(b) For each test axis, rotating through a predetermined set of rotations, for example, between -40 and +40 in two degree steps. When rotation is performed, it is preferred to interpolate pixel values in the rotated block (whether the reference or current block) so that the pixel values directly overlie one another.
(c) For each test axis of step (a) and for each rotation of step (b), the pixels in one of the two blocks being compared are translated in both the X and Y axes by up to +10 pixels.
(d) For each test axis, each rotation, and each translation, the minimum sum of absolute differences is calculated between the reference block and the subsequent frame. The best correlation, as determined, for example, by the minimum sum of absolute differences, is then used to determine both the translation and the rotation of the subsequent frame with respect to the reference block.
In this way, a single reference block can be used to determine both translation and rotation. Preferably, the search for the minimum sum of absolute differences uses the previous estimate of motion as a starting point for the search for the current estimate of motion. This approach reduces the total time required for the calculation. Experimentation can be used to determine the most efficient search in terms of the likely locations for the axis of rotation, the likely range of rotation between successive frames, and the likely range of translations between successive frames. As an example, it is most likely that the axis of rotation will lie in the region defined in FIG. 40, and it is most likely that rotation between successive frames will be small.
Any of the foregoing embodiments can be adapted to utilize a selectively received harmonic component for tracking, imaging, or both.
As is known in the art, harmonic imaging provides advantages in certain applications. In one form of harmonic imaging, ultrasonic energy concentrated near a fundamental frequency (such as 2 MHz for example) is transmitted into a target such as a tissue of a medical subject. Ultrasonic echo information from the tissue is selectively received such that a harmonic component of the echo information is processed. This harmonic component is concentrated near a harmonic of the fundamental frequency (such as the second harmonic, or 4 MHz in the foregoing example). Harmonic imaging has in the past been performed both with and without added non-linear contrast agent. When non-linear contrast agent is added, it often comprises micro-bubbles that are carried by blood, and that radiate echo information at the harmonic frequency. In tissue harmonic imaging, non-linear effects in the tissue distort a component of the transmitted acoustic signal, giving rise to harmonic (e.g., second harmonic) components not present in the transmitted signal.
It has been observed that tissue harmonic images as described above provide a particularly high spatial resolution and often possess improved contrast resolution characteristics. In particular, there is often less clutter in the near field. Additionally, because the transmit beam is generated using the fundamental frequency, the transmit beam profile is less distorted by a specific level of tissue-related phase aberration than would a transmit beam formed using signals transmitted directly at the second harmonic.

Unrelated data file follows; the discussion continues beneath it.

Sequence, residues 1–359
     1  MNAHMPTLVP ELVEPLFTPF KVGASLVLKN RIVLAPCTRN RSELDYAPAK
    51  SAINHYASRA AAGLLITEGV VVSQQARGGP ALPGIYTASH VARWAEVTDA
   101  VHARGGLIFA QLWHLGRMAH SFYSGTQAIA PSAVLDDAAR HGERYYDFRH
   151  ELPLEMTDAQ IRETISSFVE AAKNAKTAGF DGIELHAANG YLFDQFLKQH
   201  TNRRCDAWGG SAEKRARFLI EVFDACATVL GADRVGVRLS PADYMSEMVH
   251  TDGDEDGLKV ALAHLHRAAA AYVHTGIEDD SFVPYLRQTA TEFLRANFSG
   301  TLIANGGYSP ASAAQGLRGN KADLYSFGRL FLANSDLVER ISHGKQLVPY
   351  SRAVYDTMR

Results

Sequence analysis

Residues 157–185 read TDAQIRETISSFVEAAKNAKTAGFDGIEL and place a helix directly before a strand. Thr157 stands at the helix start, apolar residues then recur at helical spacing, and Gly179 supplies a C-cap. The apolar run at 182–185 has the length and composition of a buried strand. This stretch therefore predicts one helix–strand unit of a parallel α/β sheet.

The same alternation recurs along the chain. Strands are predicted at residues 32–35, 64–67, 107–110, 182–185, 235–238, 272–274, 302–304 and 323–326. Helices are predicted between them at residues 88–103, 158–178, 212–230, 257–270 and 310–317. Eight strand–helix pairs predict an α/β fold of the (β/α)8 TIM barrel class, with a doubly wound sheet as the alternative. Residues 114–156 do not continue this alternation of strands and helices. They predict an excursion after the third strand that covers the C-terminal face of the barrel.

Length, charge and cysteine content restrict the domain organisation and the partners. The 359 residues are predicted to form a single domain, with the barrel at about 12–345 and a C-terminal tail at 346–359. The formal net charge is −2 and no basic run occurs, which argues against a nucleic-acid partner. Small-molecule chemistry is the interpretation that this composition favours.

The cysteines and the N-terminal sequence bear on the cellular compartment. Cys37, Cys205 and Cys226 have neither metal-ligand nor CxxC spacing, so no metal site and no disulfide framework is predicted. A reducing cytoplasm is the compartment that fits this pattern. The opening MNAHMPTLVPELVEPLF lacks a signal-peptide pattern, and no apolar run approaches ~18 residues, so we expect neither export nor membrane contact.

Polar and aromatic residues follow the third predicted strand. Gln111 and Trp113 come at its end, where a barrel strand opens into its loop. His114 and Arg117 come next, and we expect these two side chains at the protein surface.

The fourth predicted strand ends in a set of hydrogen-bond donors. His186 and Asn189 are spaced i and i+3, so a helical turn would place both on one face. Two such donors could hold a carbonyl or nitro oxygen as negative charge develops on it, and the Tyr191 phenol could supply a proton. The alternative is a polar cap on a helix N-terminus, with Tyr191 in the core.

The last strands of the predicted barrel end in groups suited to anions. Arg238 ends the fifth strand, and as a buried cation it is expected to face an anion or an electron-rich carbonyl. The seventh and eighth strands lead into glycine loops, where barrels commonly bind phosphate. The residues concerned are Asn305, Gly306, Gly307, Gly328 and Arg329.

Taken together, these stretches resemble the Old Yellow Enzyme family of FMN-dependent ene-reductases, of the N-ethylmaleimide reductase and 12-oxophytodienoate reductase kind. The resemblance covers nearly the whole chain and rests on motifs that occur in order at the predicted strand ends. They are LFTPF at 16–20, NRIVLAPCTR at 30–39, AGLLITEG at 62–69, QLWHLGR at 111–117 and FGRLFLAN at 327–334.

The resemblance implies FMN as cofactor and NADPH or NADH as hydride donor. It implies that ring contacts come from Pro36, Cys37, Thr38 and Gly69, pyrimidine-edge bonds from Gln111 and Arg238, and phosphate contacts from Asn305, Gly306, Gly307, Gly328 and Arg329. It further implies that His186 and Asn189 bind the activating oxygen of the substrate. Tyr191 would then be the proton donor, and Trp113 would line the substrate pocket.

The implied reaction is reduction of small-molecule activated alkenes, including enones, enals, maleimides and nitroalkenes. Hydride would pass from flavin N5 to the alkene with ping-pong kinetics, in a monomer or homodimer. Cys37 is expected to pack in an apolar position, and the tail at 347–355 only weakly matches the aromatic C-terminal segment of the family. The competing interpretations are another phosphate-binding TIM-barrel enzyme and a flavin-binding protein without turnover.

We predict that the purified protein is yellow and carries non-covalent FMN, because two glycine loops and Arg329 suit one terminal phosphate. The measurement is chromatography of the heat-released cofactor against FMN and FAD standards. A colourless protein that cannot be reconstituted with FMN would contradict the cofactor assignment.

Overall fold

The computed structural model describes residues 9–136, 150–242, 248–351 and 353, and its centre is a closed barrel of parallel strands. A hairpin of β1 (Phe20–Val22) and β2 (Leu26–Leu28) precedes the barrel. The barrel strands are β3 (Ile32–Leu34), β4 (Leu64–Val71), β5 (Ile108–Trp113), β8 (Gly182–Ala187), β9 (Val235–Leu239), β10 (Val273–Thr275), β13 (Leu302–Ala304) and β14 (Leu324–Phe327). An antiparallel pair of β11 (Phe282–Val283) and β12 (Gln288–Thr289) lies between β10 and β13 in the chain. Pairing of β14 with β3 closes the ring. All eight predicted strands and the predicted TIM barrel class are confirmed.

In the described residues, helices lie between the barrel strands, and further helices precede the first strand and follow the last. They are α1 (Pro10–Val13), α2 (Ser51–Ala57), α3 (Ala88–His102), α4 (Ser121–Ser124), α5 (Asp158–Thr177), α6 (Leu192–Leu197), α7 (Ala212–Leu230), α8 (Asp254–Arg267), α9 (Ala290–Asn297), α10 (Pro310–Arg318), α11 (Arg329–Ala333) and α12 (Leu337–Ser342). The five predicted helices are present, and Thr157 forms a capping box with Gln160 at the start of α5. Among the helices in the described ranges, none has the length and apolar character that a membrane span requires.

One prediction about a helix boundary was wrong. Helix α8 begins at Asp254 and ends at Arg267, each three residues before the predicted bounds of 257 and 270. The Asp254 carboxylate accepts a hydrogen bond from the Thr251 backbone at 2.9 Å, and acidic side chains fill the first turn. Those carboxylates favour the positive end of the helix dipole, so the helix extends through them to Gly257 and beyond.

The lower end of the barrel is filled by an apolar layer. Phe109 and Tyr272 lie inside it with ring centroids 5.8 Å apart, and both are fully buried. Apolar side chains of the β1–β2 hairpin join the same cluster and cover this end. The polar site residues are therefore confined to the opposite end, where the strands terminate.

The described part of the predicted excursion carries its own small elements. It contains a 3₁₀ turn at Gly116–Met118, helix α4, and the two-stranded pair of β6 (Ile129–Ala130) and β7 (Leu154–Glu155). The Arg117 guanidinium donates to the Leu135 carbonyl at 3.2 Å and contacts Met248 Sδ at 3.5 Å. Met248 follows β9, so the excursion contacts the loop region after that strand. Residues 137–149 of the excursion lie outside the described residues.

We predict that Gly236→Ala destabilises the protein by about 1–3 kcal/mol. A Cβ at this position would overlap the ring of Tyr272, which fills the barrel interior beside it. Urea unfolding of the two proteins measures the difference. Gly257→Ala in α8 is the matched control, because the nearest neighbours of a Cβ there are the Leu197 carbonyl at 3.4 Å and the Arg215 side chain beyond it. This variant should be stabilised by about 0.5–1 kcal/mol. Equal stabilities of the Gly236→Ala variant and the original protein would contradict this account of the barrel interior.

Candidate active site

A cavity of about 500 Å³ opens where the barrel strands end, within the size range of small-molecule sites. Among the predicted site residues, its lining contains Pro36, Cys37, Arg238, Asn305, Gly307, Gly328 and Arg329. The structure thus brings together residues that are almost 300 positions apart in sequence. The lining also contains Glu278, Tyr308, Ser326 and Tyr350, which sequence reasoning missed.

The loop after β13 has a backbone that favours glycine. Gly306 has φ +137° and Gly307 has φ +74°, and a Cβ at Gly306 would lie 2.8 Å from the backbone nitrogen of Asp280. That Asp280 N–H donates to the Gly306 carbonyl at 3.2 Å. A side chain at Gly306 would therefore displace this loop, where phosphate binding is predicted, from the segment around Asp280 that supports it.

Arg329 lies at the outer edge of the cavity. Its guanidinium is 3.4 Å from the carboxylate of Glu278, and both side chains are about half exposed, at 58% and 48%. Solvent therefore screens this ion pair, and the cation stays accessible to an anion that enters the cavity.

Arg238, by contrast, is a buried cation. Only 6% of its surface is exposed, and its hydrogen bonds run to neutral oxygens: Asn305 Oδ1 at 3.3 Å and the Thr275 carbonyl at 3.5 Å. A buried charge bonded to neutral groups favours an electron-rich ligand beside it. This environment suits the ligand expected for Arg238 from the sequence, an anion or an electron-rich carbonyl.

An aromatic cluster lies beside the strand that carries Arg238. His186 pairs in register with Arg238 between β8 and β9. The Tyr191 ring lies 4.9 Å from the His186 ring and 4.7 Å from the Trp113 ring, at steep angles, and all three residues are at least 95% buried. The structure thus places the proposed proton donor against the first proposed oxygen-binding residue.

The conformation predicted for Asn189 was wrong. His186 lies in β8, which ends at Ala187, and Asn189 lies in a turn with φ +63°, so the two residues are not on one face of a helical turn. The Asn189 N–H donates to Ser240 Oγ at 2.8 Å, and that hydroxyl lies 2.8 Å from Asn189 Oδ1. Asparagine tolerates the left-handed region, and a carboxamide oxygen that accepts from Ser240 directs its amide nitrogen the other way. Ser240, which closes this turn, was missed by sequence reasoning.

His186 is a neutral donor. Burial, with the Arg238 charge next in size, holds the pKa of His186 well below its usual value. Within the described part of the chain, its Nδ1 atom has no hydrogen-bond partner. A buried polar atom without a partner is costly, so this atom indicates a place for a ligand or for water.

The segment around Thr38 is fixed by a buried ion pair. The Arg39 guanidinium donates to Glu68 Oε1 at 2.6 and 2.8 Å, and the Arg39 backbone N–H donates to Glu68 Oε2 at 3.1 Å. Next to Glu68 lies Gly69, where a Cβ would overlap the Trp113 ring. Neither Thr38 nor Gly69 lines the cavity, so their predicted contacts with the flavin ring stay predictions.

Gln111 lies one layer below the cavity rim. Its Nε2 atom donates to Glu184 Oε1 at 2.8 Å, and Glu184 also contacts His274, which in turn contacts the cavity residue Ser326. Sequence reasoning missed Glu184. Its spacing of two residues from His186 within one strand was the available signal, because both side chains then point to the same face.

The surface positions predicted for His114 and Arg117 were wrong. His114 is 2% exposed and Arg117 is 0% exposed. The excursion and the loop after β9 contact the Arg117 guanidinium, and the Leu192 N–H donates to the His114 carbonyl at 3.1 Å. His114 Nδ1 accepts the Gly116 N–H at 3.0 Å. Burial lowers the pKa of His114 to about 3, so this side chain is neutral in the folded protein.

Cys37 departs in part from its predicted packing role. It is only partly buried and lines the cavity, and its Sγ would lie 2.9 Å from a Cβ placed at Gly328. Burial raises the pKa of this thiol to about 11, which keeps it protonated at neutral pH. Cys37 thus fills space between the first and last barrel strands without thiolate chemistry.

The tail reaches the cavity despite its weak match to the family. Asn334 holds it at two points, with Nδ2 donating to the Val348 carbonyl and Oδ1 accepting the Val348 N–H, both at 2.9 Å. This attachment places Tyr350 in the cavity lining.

In order to enhance the harmonic image, it is preferred to shape the transmitted signal in the frequency domain such that substantially no harmonic energy is transmitted. This can be done using a suitably programmed transmit beamformer as described in U.S. Pat. No. 5,696,737, filed Dec. 16, 1996 and assigned to the assignee of the present invention, or a suitably filtered transmit beamformer as described in U.S. patent application Ser. Nos. 5,913,823, 6,005,827, 5,833,614 and Ser. No. 08/893,271 filed Jul. 15, 1997 and now abandoned.
Many techniques are available for selectively receiving the harmonic component of the ultrasonic echo information. For example, a filter may be included in the receive signal processing path to block the transmitted fundamental component and to pass the desired harmonic component. This filter may be a time varying filter of the type described by Green, U.S. Pat. No. 4,016,750. Alternately a fixed, low pass filter may be used on a demodulated signal, wherein the demodulation carrier signal is selected to place the lower side band of the mixed signals such that what was the harmonic component in the RF domain now lies within the pass band of the fixed pass band or low pass filter. The mixed frequency may be at base band (centered at 0 Hz) or at some intermediate frequency (such as 2 MHz).
Harmonic imaging techniques can for example be used in the embodiment of FIG. 22. In this case, the transmit beamformer 15 produces shaped transmit signals for the transducer arrays 18, 20, 22. These shaped transmit signals concentrate the transmitted ultrasonic energy near the fundamental frequency f0, while substantially blocking transmitted ultrasonic energy near the harmonic (e.g., 2f0).
Received signals from the transducer arrays 18, 10, 22 are filtered as explained above by the filter 13' included in the image data signal path and by the filter 13" in the tracking data signal path. The filters 13', 13" may be bandpass, low pass, or high pass filters.
In one embodiment the filter 13" is selected to pass the second harmonic component of the received signal and to block the fundamental component. Using the harmonic signal for the purpose of generating tracking information has the advantage that higher resolution and better contrast data is provided, and hence more accurate and reliable estimates of transducer motion are obtained. Tracking information may include modulated RF data or demodulated (e.g. I/Q) data, either before or after scan conversion. During tissue harmonic imaging, the target is maintained free of additional non-linear contrast agent throughout an entire medical ultrasound examination session that includes acquisition of the image data sets and the tracking data sets described above.